“It is essential to have good tools, but it is also essential that the tools should be used in the right way” - Wallace Wattles

 

If you have been following our “Why Revenue Management Teams Fail” series, you already know how the Knowledge Gap and Process Gap can prevent Revenue Management initiatives from succeeding. This week’s article wraps up the series with the third and final Revenue Management gap – overreliance on tools. 

I deal with Revenue Management and Analytics teams regularly. With the advent of these disciplines, there are numerous software tools available for organizations to adopt to drive results. Yet, when I see the output these tools bring, I often find they do not deliver the results required. Even worse, organizations expect these solutions to solve all their problems, which rarely happens. Given the high cost of these software solutions, organizations are unknowingly pouring money (sometimes in the millions) to create a gap within their organization by being overly reliant on tools.

If you are considering bringing on a new solution for your team, think about the following three points to help determine which tool is best for your organization.

 

1. Organizational Fit

One of the most important things to ensure when choosing your solution is that it fits within the capabilities of the end-user. For example, a client once gave me the analogy of buying a Ferrari and driving it up to a group of cavemen and throwing them the keys and expecting them to drive the car. Sure, the solution is fancy, fast, and expensive. Yet, to the cavemen, it was useless since they did not know how to drive.

Similarly, many organizations tend to over-scope or complicate solutions by choosing the one with the fanciest bells and whistles, even if they are useless to the end-user. Although they are nice to have, if the people and processes are not in place to capitalize on all the features, frustration ensues with little realization in value.

When comparing different tools, it is important to take inventory of the end-user (your team) and match the tool with their strengths and weaknesses. I often advocate for a Crawl-Walk-Run mentality where organizations take progressive steps when exploring a suitable solution which involves phasing in the solution over time with the ability to manage change to the internal process.

 

2. The Black Box

What is something you have always wanted the answer to? For me, I have always wanted to learn the recipe for KFC’s fried chicken (it’s finger-licking good). When I say that a solution should not be a black box, I do not mean that organizations should divulge their secret sauce, but rather that they should ensure the end-users understand the product they are getting. Time and time again, I see clients get caught up in the marketing of analytical solutions. AI, Machine Learning, Deep Learning, are all buzzwords the marketing team adds to make their solution appear more advanced than they really are. The AI or Machine Learning tool runs an algorithm? So does every other tool. What I suggest is to ask providers deeper questions - What algorithm? What model are they using? How does the model work? These questions help you understand what differentiates one tool from the other, so you do not make the wrong choice. I am a big believer in absolute transparency.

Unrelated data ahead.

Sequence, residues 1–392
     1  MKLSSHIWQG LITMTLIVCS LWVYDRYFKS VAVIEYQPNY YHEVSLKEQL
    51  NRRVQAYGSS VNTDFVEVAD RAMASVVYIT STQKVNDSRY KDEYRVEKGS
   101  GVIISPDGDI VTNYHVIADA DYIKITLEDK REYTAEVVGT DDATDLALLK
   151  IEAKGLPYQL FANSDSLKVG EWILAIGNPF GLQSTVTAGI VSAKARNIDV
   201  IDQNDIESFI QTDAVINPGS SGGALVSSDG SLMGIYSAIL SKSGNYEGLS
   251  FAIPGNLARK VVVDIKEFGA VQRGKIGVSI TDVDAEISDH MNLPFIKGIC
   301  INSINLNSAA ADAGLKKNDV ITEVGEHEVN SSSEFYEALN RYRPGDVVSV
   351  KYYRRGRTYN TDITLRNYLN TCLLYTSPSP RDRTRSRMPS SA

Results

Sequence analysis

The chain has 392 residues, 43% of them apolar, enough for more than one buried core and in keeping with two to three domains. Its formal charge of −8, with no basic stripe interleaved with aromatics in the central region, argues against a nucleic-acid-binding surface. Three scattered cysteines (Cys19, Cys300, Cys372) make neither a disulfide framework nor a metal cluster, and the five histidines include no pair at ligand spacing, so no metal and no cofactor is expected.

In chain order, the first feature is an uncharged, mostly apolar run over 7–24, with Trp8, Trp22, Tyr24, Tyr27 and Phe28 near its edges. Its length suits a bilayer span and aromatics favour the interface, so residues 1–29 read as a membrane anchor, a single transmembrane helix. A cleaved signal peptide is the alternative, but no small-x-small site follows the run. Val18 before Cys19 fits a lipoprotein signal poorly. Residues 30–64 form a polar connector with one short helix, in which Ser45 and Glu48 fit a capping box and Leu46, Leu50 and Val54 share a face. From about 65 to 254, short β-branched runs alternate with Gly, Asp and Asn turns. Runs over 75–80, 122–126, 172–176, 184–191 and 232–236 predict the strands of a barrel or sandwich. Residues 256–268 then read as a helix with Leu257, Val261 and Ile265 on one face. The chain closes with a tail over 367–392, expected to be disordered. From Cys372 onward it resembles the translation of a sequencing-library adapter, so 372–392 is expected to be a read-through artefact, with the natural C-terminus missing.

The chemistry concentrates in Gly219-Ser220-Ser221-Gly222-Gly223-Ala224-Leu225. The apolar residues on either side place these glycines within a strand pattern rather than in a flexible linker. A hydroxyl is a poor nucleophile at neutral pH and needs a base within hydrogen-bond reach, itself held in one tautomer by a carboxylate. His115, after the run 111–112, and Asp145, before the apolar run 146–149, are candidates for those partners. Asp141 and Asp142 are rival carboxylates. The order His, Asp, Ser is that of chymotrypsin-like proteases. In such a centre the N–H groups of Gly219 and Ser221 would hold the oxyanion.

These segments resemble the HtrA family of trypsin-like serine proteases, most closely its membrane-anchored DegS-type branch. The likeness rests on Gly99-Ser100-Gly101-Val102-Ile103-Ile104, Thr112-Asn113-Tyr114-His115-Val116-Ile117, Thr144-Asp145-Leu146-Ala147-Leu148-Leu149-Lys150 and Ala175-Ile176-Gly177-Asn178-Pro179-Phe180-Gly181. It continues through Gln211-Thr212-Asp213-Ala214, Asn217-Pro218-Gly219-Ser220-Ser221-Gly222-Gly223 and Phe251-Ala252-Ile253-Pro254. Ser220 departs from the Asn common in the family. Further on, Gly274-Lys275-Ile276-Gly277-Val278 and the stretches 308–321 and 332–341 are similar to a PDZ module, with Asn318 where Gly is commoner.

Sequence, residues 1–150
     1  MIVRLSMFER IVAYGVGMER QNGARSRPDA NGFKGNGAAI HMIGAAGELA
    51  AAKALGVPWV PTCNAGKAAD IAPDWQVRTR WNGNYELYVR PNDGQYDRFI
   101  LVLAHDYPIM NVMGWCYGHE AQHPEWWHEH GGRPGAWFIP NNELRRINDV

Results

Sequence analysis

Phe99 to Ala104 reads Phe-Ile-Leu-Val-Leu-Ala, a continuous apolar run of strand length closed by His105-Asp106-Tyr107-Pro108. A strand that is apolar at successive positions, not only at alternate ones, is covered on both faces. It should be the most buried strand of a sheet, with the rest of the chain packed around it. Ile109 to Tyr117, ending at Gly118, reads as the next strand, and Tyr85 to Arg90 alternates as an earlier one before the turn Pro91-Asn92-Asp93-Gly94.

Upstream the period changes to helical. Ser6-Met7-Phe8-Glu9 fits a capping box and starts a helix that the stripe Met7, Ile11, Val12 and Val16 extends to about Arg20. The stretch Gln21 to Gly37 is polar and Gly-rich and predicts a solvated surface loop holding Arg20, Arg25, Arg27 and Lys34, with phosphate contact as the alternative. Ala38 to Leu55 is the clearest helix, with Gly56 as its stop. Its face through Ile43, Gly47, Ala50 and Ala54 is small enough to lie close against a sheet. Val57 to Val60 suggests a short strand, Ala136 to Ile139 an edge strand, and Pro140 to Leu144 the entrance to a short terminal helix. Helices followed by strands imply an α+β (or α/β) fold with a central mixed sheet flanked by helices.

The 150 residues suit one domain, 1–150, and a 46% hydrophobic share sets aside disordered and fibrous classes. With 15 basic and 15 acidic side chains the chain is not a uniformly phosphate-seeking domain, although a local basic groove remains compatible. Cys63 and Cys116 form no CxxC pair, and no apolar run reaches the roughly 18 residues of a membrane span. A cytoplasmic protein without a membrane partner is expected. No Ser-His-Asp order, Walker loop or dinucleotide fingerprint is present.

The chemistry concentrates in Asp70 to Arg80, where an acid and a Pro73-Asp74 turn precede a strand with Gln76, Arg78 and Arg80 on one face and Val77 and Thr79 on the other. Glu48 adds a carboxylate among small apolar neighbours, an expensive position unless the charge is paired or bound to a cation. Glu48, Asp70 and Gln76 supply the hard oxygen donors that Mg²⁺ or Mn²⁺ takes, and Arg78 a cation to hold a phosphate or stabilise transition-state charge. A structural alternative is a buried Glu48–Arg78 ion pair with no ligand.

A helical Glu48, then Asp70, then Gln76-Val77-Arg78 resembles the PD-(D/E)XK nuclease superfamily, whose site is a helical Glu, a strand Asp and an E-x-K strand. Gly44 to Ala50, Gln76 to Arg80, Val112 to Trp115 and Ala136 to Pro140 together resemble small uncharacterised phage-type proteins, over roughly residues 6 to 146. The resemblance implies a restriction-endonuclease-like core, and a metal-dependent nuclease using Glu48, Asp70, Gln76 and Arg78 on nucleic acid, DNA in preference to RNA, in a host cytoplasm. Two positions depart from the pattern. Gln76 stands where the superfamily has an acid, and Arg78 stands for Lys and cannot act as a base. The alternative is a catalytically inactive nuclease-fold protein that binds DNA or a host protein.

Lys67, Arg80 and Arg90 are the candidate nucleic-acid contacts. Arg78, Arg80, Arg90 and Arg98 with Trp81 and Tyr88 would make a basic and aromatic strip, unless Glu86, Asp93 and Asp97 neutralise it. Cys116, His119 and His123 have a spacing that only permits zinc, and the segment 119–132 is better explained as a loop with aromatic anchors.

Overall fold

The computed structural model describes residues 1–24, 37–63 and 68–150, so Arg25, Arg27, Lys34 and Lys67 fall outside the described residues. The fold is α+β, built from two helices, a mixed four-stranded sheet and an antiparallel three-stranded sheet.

For example, in my many engagements, clients often ask for the source code to replicate our solutions or to try and learn how to code themselves. This rarely works out. Why? Because the secret sauce is not about the ingredients per se but rather how to mix the ingredients to create an ideal outcome. Returning to the coding example, in situations where I do give clients the source code to our solutions, they do not know what to do with it and often will face many technical difficulties along the way. Further, their inability to troubleshoot the problems means they cannot fully implement our solution.  All this to say, hold your providers accountable. Ask for transparency. If they push back, take that as a red flag and go your separate ways.

 

3. Go Beyond Tools

Building on the previous two points, the final consideration is to look beyond a software tool / solution. Many organizations rely on software outputs to turn around business results but that is not a replacement for a process. For example, if a trade promotion optimization engine recommends switching promotional types to decrease trade spend by 1% to drive incremental ROI, that is a great insight. But that is all it is, an insight. Without a clear list of actionable steps that management can give to the sales team to guide them in changing their promotional plans, the insight is entirely useless. Even more importantly, the insight needs to create accountability within the team so that when the recommendations are implemented, you realize results. To ensure a successful implementation and result, remember to go beyond the tools.

There is a lot to evaluate when adding new solutions to your organization, but this is right in our wheelhouse – helping organizations establish successful Revenue Management solutions is what RML was designed to do. Reach out to speak to a pricing expert today.

ABOUT THE AUTHOR Michael Stanisz is a Partner at Revenue Management Labs. Revenue Management Labs help companies develop and execute practical solutions to maximize long-term revenue and profitability. Connect with Michael at [email protected]